“I’m good enough, I’m smart enough, and gosh darn it, people like me!” —Stuart Smalley
In 1992 Al Franken created Stuart Smalley, a comical character who peddled self-help slogans. Although this was a Saturday Night Live skit, it's important to consider how we talk to ourselves.
Too many people have a fierce inner critic that keeps them small or limits their joy.
I have an inner voice that is like a harsh coach that pushes me to do more. This energy makes it difficult to rest. It always notices things that could be better and urges me to keep going. If I'm not careful, I can push too hard and not get enough rest.
I have another internal voice that is like an over-protective parent. This energy wants to keep me safe. This is the voice that has kept me muted. It tells me, "if you don't share your work then you won't get criticized."
It's important to cultivate compassionate inner voices. There is ample research that shows the positive effect of self-compassion. However, we can tell from our own experience that life is more pleasant for us and for others when we listen to positive inner voices.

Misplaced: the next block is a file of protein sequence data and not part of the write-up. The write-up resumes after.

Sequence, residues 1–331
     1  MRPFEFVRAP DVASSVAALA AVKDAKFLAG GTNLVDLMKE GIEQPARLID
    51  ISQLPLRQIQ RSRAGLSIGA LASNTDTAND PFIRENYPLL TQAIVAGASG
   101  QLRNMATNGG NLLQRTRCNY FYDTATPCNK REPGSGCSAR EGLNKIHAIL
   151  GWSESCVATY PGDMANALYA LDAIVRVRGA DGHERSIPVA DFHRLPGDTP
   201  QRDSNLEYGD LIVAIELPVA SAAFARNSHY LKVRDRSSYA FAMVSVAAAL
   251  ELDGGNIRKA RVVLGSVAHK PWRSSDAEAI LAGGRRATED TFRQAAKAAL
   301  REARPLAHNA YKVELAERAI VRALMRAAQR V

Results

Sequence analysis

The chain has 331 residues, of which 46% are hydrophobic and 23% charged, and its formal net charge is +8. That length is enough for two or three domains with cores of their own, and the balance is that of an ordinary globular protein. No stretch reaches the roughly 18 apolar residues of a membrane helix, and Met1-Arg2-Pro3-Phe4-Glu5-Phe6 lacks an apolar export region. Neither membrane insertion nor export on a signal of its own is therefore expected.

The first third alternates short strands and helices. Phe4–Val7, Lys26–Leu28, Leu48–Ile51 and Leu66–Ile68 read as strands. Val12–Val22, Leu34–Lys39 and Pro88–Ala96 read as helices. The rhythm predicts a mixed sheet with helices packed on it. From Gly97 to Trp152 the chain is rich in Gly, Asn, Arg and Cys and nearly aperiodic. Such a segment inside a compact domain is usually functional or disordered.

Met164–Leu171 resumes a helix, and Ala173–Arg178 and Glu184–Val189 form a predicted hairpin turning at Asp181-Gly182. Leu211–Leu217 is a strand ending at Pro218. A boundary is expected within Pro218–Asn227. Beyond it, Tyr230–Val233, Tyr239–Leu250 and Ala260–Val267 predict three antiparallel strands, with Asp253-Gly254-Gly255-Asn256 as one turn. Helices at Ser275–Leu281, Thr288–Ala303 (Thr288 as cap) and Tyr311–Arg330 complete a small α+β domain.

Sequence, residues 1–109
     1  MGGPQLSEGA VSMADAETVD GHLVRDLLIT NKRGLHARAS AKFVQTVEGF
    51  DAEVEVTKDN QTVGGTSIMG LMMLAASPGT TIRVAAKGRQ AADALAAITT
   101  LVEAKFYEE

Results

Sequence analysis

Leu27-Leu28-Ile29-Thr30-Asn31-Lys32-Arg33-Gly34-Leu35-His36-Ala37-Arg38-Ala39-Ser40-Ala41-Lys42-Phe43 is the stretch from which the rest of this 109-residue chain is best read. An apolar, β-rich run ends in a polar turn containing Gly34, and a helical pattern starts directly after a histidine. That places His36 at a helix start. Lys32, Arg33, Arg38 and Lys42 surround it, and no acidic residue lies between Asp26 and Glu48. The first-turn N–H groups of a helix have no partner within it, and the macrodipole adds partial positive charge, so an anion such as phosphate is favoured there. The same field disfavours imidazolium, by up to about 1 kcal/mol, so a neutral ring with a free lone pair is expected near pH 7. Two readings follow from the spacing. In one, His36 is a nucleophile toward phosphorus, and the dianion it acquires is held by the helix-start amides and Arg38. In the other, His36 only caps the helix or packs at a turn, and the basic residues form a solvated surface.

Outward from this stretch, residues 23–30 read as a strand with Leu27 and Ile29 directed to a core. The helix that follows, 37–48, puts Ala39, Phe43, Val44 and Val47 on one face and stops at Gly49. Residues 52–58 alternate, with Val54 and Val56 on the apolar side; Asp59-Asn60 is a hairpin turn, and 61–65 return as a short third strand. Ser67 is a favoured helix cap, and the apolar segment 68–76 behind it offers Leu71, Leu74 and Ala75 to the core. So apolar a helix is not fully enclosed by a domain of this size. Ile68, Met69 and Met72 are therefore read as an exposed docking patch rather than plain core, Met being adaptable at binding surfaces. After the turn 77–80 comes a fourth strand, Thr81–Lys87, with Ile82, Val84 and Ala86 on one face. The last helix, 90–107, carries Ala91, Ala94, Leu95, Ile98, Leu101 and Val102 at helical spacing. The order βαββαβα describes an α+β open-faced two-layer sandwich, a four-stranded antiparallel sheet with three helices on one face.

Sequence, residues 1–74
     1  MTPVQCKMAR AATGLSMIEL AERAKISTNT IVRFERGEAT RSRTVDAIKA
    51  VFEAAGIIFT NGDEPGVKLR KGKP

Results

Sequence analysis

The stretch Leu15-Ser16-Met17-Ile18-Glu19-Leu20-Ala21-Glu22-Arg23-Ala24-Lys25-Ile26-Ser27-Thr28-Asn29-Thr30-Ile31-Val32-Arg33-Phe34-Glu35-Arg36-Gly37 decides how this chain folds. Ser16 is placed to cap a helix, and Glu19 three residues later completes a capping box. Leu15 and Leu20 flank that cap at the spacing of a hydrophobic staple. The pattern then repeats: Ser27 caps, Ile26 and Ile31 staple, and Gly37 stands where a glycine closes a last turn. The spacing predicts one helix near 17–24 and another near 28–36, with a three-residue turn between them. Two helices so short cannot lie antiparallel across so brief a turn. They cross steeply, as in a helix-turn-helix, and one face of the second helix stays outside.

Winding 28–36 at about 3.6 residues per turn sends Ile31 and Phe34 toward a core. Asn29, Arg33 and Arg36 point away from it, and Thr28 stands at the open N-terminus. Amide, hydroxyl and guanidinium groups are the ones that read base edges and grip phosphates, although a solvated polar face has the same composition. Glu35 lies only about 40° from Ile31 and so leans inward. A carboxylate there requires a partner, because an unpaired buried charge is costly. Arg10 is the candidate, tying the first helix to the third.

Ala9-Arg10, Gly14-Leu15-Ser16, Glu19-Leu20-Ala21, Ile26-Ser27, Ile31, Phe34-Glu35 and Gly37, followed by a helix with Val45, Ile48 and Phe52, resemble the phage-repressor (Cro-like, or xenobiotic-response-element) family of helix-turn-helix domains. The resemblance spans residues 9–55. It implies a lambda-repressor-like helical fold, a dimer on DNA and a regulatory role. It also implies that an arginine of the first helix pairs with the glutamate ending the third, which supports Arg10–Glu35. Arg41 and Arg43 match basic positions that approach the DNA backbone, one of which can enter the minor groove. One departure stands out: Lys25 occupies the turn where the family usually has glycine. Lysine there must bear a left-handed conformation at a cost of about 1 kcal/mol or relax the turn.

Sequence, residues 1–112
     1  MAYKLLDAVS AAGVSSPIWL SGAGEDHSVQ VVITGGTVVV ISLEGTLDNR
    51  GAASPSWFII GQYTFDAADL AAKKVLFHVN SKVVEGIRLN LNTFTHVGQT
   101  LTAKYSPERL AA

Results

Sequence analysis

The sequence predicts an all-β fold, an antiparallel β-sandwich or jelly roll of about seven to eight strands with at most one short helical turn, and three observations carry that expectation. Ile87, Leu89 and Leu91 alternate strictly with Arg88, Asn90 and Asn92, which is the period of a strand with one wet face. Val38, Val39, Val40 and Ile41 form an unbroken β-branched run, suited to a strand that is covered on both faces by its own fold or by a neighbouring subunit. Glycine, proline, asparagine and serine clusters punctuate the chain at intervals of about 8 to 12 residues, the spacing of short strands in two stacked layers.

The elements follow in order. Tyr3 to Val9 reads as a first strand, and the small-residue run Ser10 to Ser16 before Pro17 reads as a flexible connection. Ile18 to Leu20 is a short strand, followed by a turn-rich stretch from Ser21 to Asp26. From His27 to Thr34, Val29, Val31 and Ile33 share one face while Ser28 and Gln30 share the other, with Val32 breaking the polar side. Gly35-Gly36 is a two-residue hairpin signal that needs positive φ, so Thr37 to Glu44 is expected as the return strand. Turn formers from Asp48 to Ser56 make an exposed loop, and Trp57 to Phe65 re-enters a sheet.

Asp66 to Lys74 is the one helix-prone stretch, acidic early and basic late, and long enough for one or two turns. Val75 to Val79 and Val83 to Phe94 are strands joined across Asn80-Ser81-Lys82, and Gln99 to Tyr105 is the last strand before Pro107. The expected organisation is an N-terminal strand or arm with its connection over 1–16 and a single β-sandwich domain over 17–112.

It's not possible or even wise to eradicate our inner critic. If you try to silence the negative voices, you just give them more fuel. Try this instead:
1. Notice when you have critical inner voices
2. Try to figure out how the inner voices are trying to serve you or help you.
3. Thank them for their input.
4. Ask yourself, "What would an affirming teacher or friend say to me at this moment?"
5. Choose to amplify the positive internal messages.
If you live from this place, you'll experience more joy and help others uncover compassion for themselves.
When in doubt, hear these words and smile: "You are good enough, you are smart enough, and gosh darn it, people you!"